Compiling Chandler: The Ellis Family Story began in 1994. Since that time, family members, friends and many others have contributed to the project. I would like to express my sincere gratitude to a few special people who made more than their share of contributions. Without them, writing this story would have been impossible.
First of all, a million thanks to my dear uncles, the four Ellis family elders James (Jim), Ora (Herb), Francis (Frank), and George. For years they have been role models, not just to our family, but to anyone having the pleasure of knowing them. Their excellent memories and skills to recall the smallest detail of every event continue to amaze me. I thank them for the endless hours of retelling old tales and clarifying confusing and contradictory information. Unfortunately, we lost Jim on May 30, 2003, and Frank on January 28, 2004.
Jim Ellis deserves special attention. He was the family historian and resident genius on about every aspect of U.S. history. Jim was extremely knowledgeable about Lincoln County and also the entire state of Oklahoma. His ability to explain historical events and analyze their significance is unmatched. Jim was well known throughout the state. The mention of his name served as a passport for complete cooperation from everyone contacted.
Chandler, the county seat of Lincoln County, is the location of the Lincoln County Historical Society. The Society manages one of the country’s finest community museums. It should be a required visit for anyone studying Oklahoma history. Jeannette Haley, the museum’s curator from 1984 to 2005, provided invaluable assistance in numerous areas. At the museum, she graciously provided a place to hang my hat during many research visits. She also assisted and advised on scores of details about Chandler and Lincoln County.
My appreciation to the director and staff of the Ralph Ellison Library in Oklahoma City, Oklahoma. I am unable to count the endless hours spent under their care. Of special value were the microfilm copies of The Black Dispatch newspaper available at the library. From the paper I learned a great deal about life in early Oklahoma.
The main library in Edmond, Oklahoma was visited numerous times. Its state-of-the-art equipment and pleasant atmosphere provided an ideal setting for thinking and writing. Thank you to all of the helpful library staff.
The Territorial Museum of the Oklahoma Historical Society at Guthrie, Oklahoma contains a wealth of information about Whit and Maggie’s early experiences in Oklahoma. The museum’s Collections Curator, and her talented staff, provided information on the early period of The Ellis Family Story, plus details on the territory before it became a state in 1907.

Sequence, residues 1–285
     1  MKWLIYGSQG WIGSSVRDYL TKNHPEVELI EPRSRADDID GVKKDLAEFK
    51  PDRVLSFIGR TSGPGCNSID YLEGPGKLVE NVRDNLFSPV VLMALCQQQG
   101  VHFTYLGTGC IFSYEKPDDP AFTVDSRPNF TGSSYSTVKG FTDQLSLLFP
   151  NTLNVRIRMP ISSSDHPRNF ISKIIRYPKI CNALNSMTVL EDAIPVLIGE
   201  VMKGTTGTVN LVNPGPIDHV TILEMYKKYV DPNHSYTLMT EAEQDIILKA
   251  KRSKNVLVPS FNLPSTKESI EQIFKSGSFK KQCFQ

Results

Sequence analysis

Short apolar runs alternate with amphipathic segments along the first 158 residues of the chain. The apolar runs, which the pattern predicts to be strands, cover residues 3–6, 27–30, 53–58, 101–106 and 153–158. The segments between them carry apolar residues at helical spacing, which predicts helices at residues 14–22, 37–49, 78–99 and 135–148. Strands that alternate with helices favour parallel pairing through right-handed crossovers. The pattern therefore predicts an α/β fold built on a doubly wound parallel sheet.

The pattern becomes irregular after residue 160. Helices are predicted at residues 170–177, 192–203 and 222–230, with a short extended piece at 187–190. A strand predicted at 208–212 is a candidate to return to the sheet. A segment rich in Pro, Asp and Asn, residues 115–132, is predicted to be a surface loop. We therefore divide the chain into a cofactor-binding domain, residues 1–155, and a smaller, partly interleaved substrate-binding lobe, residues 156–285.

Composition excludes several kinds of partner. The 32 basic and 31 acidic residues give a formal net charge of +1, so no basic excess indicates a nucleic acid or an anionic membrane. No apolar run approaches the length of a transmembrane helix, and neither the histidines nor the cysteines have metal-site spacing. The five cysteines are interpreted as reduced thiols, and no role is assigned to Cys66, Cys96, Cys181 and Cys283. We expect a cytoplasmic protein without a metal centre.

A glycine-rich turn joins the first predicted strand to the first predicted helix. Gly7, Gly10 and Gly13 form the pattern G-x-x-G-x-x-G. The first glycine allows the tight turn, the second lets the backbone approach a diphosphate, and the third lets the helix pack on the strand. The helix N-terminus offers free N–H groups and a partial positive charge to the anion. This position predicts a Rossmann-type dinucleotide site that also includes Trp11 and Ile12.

Jan Vassar, a resident of Chandler, is a treasured friend and colleague, as well as a talented Oklahoma historian and researcher. She was a principal advisor playing a key role in investigating special areas such as Oklahoma’s “black settlements” and newspaper articles on activities in the black community. Jan and I spent many informative hours visiting historical sites in Chandler and Lincoln County. I thank her for the many information packages related to Lincoln County she provided for our story.
Alvin “Buster” Garcia, a life-long resident of Chandler, spent many long days guiding me around Chandler and Lincoln County. At 90 years of age, he maintained his humorous personality and bottomless energy. We personally visited every one of the Chandler locations mentioned in our story. Buster provided useful details about Chandler and its citizens. He was a close friend of my Uncle Hasko and of the entire Ellis family.
Christy Aquilla made invaluable contributions in the early stages of writing the first version of the family history. She proved to be a genius in the development and management of the Ellis family web site. All of Christy’s assistance was provided between taking care of two young children and a thousand other family chores. Her smile, patience, and continuous positive attitude will never be forgotten.
Several other special people helped in various ways, but unfortunately, only a few of them can be mentioned here. Ester McCormick, Victor Brown, the Davises Bernice, Cleo and George, Ethel Grey Wilson, Peggy Bo Bo and sons Mark Grayson and Mike Grayson, Helen Booker, Lois Tally, Geneva Booker Thomas, Jim Harsen, Dorthy Summers, Patricia Summers Dandridge, Sally and Don Ferrell, were also helpful in compiling our story (a more complete list of contributors with photos and summary bios is at Appendix E).
Bett Burton, a longtime friend and college classmate served as a sounding board for reviewing sections of the original document and in identifying the special black history issues relevant to our story. Benny J. McRae Jr., a black military scholar residing in Dayton, Ohio, provided James Riley’s military records covering the Civil War and the subsequent period. The records were an invaluable resource for compiling Grandpa Riley's history. Thanks to Sherry Watkins for starting the ball rolling on the second edition editing. To Dr. Lora Lempert, professor at University of Michigan, for comments and suggestions on the overall story. Special hugs and thanks to my brother, Whit Chatman; my cousins, Bill Ellis, Evelyn Lawson and Michael Curtis, who have been loyal friends and boosters; as well as playing key roles in the final editing of our story. Michael's special genius in overseeing proofing, web design and related details for the new version is especially appreciated.
Finally, thanks to the wonderful citizens of Lincoln County, Oklahoma who were so gracious and willing to help every step along the way as I compiled Chandler: The Ellis Family Story. Your kindness will never be forgotten. A warm hug to all of you!